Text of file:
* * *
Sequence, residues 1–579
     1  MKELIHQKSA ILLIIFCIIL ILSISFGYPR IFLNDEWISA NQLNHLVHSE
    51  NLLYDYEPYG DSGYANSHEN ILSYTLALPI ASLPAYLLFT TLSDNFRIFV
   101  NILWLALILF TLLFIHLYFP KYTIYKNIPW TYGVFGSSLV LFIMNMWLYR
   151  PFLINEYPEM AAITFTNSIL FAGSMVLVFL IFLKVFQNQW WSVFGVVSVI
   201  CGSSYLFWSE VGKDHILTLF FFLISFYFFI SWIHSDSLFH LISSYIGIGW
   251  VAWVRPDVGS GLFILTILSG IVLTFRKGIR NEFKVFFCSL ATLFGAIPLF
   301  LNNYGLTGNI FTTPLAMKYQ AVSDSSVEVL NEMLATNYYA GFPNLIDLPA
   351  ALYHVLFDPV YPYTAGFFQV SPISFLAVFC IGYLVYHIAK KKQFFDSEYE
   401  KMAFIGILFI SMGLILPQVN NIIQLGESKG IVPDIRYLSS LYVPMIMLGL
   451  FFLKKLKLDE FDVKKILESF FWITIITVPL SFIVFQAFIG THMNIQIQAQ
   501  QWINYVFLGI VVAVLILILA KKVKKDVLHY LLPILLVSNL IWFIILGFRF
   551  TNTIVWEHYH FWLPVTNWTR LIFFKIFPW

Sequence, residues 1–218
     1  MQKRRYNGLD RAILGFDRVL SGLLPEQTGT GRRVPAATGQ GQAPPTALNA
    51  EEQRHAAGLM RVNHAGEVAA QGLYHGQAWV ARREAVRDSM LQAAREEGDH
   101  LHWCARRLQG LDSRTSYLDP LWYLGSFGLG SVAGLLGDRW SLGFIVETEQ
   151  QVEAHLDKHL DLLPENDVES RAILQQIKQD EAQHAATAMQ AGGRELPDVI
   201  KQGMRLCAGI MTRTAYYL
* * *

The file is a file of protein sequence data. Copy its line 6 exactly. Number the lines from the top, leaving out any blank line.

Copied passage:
   201  CGSSYLFWSE VGKDHILTLF FFLISFYFFI SWIHSDSLFH LISSYIGIGW